Argumentative essays are also commonly known as persuasive essays. However, there are some differences between the two even if they’re commonly considered to be the same. Persuasive essays are short, around five to six paragraphs. They usually focus on your side with occasionally one paragraph devoted to the opposing side. Persuasive essays focus more on the emotions of the reader. Argumentative essays are usually longer in length, ranging from as little as five paragraphs to as many as necessary. While the focus is mainly on your side, there is also a discussion regarding the opposing side that goes far beyond a single sentence or a paragraph. Argumentative essays focus more on the facts to persuade the reader as opposed to calling to their emotions on a topic or issue. Before You Write
The argumentative essay is the type of text that defends a position, an issue or a controversy in philosophy, politics, science or social. The purpose of an argumentative essay is to defend a thesis on a specific topic. Examples of this is the texts reflecting these characteristics are essays, pamphlets and editorials.
In order to write argumentative essay examples, it is important to structure its text and arguments so that the reader can properly identify the subject and the presented thesis.
In the annotated argumentative essay example below, I’ve noted each of these sections to make it easy to spot effective writing. (You can click each page to enlarge.)
In argumentative essay, both the negative and the positive aspects should be highlighted as the base of the argumentative essay. Argumentative essay examples mentioned above have some pros and cons. Without positives and negatives, the entire idea of writing the argumentative essay will be futile. The inputs of the ideas are always welcome but nothing should be added which is not supported by the facts and evidences. The conclusion part of the argumentative essay is most important one. Supported by the general facts, it must conclude at something which gives birth to new argument or at anything that neither supports positives nor negatives. The conclusion part should be unique and neutral. The neutral aspect of the topic will certainly not end the argument and will continue as the argumentative essay does not have any end. It would be too good for the writer to end the topic with its own opinion on the issue. The opinion which has supported the entire body of the essay can be an effective opinion.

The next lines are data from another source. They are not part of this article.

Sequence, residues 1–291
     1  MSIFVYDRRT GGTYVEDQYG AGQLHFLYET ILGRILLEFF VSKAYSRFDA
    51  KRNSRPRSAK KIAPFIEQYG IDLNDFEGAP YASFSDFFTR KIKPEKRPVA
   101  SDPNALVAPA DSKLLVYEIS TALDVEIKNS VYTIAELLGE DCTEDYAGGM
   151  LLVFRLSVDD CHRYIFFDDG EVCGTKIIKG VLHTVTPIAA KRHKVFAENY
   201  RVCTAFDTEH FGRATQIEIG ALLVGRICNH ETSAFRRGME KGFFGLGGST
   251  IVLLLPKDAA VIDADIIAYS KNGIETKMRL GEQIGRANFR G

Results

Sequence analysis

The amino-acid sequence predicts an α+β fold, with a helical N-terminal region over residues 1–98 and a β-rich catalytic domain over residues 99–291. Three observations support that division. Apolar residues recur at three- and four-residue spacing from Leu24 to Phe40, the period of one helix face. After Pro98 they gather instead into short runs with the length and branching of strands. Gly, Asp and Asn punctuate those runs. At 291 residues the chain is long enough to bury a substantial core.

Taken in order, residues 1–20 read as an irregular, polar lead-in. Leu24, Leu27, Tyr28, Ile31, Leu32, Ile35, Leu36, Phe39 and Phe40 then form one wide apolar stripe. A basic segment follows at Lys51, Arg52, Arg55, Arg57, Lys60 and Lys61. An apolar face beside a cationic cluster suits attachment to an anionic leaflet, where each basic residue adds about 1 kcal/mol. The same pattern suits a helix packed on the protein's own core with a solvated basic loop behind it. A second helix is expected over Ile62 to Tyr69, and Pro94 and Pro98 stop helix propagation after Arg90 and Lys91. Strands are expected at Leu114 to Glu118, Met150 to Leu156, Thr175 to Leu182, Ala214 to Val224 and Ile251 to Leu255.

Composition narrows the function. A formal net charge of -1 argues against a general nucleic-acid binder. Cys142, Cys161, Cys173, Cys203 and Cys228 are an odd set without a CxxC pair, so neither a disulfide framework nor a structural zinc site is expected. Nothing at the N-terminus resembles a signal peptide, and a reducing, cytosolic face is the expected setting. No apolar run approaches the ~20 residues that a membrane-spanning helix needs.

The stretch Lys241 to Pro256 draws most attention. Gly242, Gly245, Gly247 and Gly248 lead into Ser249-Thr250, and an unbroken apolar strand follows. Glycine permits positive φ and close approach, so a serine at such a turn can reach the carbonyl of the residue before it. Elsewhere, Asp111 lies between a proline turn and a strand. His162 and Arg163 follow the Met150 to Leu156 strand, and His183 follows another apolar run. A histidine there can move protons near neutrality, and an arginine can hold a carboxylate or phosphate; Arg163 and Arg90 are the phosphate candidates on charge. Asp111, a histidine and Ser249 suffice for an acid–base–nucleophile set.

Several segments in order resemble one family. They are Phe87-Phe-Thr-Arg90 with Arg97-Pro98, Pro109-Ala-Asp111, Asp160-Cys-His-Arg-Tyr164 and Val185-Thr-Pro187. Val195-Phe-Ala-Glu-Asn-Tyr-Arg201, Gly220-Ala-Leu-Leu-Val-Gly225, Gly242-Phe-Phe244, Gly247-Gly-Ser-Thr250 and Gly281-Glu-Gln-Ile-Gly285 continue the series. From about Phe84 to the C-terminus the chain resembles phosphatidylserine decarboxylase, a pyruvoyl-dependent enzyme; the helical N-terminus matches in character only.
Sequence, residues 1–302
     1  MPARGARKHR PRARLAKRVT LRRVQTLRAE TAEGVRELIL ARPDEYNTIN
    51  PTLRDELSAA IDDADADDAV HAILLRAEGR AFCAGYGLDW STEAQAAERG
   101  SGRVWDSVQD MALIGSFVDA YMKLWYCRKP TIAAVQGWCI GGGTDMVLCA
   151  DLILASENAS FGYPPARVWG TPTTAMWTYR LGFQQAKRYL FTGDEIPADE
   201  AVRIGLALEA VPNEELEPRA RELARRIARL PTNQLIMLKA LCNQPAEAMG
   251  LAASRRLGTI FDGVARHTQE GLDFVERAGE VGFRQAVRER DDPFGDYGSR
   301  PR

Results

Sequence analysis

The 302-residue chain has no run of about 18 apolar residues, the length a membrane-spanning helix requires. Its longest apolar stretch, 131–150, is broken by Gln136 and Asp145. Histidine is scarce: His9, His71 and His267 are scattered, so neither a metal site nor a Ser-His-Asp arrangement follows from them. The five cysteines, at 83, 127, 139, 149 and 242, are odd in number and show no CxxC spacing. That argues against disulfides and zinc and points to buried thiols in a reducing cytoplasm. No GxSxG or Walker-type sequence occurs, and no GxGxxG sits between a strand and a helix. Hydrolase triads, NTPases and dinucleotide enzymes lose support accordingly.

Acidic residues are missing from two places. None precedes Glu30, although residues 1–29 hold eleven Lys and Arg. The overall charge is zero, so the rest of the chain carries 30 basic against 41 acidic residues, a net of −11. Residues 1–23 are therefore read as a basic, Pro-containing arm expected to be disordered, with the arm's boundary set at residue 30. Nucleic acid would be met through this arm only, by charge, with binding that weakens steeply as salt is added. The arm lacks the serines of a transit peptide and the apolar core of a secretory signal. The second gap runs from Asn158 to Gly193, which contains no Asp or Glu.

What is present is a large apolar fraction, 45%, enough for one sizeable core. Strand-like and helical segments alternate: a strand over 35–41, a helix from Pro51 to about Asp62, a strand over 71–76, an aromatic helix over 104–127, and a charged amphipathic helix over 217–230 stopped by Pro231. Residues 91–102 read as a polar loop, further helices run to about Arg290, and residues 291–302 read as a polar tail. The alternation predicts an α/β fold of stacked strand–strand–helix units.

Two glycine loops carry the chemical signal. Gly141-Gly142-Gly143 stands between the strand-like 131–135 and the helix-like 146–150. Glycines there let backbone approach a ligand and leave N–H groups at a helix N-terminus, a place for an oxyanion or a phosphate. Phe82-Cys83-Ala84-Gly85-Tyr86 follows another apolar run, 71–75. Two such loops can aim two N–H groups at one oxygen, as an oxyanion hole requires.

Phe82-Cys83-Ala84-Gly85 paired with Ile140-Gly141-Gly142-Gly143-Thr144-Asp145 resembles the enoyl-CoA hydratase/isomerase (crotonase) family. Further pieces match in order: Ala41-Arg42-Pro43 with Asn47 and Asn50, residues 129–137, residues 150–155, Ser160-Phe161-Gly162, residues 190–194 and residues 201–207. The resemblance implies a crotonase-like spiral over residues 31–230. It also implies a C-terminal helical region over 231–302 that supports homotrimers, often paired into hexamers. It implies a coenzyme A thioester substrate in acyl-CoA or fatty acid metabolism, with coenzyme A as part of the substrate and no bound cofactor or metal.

Free Examples of Argumentative essay. Argumentative essay samples
When making a for your argumentative essay, you clearly state your position on the topic and a reason for taking that stance. For example, “A diet of insects can provide solutions to issues of starvation, obesity and climate change thus Americans should embrace and learn to rely on insects over beef, chicken and fish as their primary source of nutrition.” The reader needs to know what exactly the argument is and why it is important.
Short Stories and Free Writes - Argumentative Essay - …